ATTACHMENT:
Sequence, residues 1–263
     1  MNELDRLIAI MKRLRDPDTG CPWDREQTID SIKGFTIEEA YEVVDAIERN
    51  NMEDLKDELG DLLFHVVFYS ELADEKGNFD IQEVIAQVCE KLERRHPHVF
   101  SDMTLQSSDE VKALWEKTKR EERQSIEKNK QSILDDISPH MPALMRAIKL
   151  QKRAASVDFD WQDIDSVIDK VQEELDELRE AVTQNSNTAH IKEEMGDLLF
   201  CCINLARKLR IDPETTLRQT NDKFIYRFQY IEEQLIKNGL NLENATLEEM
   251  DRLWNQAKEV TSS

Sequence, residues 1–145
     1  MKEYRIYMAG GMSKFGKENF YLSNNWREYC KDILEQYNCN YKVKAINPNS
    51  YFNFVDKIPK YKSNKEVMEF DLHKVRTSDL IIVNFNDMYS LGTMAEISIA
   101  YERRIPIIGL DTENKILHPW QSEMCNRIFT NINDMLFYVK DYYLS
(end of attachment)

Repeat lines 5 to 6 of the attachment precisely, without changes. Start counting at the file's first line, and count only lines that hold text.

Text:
   151  QKRAASVDFD WQDIDSVIDK VQEELDELRE AVTQNSNTAH IKEEMGDLLF
   201  CCINLARKLR IDPETTLRQT NDKFIYRFQY IEEQLIKNGL NLENATLEEM